It’s almost the first day of classes and you’re confident that this will finally be the year that you start and stay organized. Your planner will be detailed to the point where it includes shower times, you’ll avoid procrastination and finish all your assignments well before they’re due, and you’ll basically be waking up each morning thinking how wonderful it is to be alive.

If you’re anything like me, this back-to-school mindset holds true for the likes of a week before your life explodes into chaos. But before you panic from anticipation of another insane year, behold: Evernote. I’ve experimented with several (free) productivity apps and finally found that this is the one. Not just another productivity app, but basically heaven embodied, it’s basically rescued me from the usual school year craziness.

Notice organizational difference between September 2013 (left) and June 2014 (right). Note the change that must have ensued during school year. Beware insanity.

Notice organizational difference between September 2013 (left) and June 2014 (right). Note the change that must have ensued during school year. Beware insanity. Image from author’s archive.

First off, the app itself is free, easy to maneuver, and available for laptops/computers, tablets, and Blackberry, Windows, iOS, and Android phones, making it accessible from several different pieces of technology that you might find yourself using daily during the school year. Evernote and all its associated apps work on a Cloud based system, which means that as long as you’re using the internet, you can access any file you’ve created on any of their apps. This means that you can take notes in class on just your smartphone or tablet, and easily access them from your computer by logging into Evernote.

Evernote itself can be used to create text documents, save photos, and clip websites or articles on the internet. The search feature is especially awesome: you can search through basically all your documents to find the one you need, and fast. For my fellow procrastinators and crammers, this feature can save you from the excessive stress of losing certain important sheets of paper and other disorganization catastrophes, keeping it sweet and simple.

One especially useful product of Evernote is called Penultimate, a virtual notebook in which you can create several notebooks using graph paper, regular lined paper, plain paper, or a combination of the three. As someone who wants to minimize the use of real paper as much as possible, I thoroughly enjoy this app because of how well it translates my own handwriting on the page. With many other apps, quick handwriting often gets jumbled and doesn’t translate smoothly, but Penultimate makes it seem the most natural. Also, the app has the additional advantage of being able to search through your own handwriting (given that your handwriting is reasonably legible), which is something you can’t get with actual pen and paper but incredibly useful in any case.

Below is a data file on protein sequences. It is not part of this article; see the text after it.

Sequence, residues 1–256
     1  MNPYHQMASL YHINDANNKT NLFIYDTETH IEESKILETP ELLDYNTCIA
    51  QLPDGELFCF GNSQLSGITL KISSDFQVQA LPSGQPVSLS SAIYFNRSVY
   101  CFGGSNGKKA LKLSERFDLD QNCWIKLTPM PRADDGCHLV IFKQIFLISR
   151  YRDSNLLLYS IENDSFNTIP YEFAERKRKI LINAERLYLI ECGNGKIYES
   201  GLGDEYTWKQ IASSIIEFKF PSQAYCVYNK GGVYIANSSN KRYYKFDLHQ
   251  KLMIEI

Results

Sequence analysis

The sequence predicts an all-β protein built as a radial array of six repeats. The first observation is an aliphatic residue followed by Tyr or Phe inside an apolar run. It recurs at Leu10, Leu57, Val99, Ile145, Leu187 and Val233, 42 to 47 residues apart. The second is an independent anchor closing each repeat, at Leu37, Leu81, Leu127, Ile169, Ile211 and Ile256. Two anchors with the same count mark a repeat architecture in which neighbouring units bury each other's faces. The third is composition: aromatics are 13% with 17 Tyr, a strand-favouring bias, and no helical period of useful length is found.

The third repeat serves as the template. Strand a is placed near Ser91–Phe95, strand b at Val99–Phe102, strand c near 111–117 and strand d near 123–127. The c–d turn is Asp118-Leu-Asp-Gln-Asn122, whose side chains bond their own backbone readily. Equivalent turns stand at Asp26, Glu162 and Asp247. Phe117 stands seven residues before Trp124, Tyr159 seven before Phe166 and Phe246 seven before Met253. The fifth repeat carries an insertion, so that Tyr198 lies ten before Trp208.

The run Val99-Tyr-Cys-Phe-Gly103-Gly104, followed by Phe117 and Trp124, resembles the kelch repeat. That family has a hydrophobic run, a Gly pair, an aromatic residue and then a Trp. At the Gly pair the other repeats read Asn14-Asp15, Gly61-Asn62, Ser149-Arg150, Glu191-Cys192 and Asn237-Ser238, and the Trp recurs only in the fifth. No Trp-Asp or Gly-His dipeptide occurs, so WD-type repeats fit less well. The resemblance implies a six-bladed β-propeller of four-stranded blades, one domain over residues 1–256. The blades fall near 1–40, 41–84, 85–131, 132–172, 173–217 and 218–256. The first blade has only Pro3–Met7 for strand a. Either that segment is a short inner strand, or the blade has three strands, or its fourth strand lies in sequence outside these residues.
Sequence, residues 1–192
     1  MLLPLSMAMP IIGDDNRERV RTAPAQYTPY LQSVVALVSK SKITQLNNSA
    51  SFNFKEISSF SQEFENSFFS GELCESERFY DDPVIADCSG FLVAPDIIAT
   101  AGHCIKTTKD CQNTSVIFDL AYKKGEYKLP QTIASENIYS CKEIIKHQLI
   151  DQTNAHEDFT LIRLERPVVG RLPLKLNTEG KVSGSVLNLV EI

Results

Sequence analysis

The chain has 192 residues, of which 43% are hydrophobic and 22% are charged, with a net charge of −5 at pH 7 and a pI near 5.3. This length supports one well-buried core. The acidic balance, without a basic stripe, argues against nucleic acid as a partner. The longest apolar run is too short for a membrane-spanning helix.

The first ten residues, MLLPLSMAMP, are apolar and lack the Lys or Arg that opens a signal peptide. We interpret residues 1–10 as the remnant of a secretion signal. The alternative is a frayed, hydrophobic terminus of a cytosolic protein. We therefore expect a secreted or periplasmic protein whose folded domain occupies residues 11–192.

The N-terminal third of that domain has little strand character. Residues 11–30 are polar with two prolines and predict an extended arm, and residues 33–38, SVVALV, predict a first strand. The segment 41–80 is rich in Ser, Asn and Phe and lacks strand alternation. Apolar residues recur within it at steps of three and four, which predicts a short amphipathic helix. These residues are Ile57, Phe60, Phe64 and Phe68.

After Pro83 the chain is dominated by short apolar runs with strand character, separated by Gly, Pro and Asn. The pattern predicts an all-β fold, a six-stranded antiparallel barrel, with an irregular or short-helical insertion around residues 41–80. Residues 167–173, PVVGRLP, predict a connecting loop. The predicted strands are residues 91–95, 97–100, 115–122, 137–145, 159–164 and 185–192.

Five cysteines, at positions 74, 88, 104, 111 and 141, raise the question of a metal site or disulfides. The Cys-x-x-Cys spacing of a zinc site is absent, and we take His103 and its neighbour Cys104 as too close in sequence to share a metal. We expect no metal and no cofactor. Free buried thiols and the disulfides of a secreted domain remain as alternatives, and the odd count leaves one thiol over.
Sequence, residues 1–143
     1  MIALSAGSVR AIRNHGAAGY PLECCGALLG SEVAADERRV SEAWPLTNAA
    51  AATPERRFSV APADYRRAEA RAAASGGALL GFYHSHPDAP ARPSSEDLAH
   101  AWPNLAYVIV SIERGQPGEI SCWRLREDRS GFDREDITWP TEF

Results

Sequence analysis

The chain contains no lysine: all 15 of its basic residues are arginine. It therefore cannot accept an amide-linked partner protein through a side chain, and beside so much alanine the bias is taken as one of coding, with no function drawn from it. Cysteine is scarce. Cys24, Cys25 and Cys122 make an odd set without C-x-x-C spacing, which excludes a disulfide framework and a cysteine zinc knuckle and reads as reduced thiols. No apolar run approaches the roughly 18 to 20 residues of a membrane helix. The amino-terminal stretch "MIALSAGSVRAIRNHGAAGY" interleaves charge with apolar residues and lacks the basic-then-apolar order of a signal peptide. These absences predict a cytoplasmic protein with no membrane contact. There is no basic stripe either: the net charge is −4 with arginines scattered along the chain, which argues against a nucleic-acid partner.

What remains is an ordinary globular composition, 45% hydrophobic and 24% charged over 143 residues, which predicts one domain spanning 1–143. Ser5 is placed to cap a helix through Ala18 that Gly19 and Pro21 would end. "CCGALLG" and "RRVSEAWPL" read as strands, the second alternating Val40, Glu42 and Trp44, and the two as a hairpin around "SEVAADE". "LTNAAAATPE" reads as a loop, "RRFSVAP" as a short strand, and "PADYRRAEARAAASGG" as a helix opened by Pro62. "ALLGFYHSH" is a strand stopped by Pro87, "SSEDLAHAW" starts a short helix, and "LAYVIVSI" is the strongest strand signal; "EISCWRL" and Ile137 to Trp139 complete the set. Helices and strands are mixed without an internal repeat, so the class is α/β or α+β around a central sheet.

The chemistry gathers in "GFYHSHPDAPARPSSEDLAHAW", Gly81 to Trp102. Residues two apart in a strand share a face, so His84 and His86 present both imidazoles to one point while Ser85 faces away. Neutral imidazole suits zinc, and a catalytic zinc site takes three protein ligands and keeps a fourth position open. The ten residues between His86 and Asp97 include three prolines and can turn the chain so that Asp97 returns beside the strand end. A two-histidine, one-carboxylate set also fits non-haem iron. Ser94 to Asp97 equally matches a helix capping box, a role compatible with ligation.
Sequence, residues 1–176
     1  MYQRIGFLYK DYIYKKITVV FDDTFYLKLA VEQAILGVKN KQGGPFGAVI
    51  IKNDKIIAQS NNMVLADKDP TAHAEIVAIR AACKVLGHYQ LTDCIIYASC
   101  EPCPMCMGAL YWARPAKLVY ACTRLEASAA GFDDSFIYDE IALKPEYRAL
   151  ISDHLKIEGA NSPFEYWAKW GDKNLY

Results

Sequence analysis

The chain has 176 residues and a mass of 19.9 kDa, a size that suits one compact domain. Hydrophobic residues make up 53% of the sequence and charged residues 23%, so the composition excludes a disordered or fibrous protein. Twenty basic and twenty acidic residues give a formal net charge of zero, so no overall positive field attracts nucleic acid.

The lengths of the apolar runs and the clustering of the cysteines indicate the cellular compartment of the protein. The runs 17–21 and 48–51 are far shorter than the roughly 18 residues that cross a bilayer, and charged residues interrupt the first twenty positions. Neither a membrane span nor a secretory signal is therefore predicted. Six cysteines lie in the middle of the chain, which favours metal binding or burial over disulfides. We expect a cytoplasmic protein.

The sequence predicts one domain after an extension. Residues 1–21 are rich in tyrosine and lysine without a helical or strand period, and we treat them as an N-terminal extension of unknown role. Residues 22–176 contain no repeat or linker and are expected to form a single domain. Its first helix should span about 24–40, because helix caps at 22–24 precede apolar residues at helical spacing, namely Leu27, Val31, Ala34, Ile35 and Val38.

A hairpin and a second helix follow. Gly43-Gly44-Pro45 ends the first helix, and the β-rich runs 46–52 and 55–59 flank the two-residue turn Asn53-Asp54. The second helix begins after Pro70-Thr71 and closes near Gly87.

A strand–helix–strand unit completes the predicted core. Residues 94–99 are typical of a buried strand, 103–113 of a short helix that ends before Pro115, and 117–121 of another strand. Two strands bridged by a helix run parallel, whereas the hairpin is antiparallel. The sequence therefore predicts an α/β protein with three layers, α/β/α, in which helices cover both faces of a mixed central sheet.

Personally, I enjoy the app because it’s nice having a lightweight device to both access the internet and to jot down quick notes during class that can be accessed wirelessly. Also, going to school in New York City often poses challenges for workaholics who like doing work on the go–fortunately, notebooks from Penultimate can be accessed easily on smartphones through the Evernote app, provided that there is internet connection. Unfortunately, Penultimate is only available on the iPad, but these handwritten files can be viewed on Evernote.

Last but not least, Skitch is another product of Evernote that can be used to annotate images and PDFs. Now, the image editing may seem super unnecessary and random, but it can actually come in handy for presentations and any sort of collaborative projects. Comments can be made directly on top of the image without altering the image itself. As for PDFs, teachers obsessively like to hand out readings and other assignments through the web in PDF form. In most colleges and some high schools, students have to pay around $0.10 for each page they print, and believe me when I say that it can add up. If teachers allow it, using Skitch to annotate and read PDFs can be useful for on-the-go access and to reduce paper use. And unlike Penultimate, Skitch is available on iOS and Android phones, as well as Windows and Mac computers and tablets.

The bottom line is that there are hundreds of productivity applications out there to consider, and there’s definitely one out there to suit almost any need. But as the new academic year approaches, and as we prepare to make this the most productive year yet, the Evernote apps are my recommendation. For more information on their other products, check out their site.

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the author

Priyanka is going into her sophomore year at Fordham University as a Psychology major on the pre-med track. When she's not living inside her textbooks, she enjoys debating whether or not she should minor in this or that, biking (when she isn't being attacked by pollen) and playing tennis recreationally. While still making full use of her Netflix account (Doctor Who, Grey's Anatomy, and Star Trek anyone?) and tumblr, she also proudly bears a reputation as a workaholic with a proclivity for parentheses (oops).

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  1. Neha Mehra on September 27, 2014

    i can’t even live my day without using Evernote.It is probably the best useful app one needs.I am obsessed with the app.

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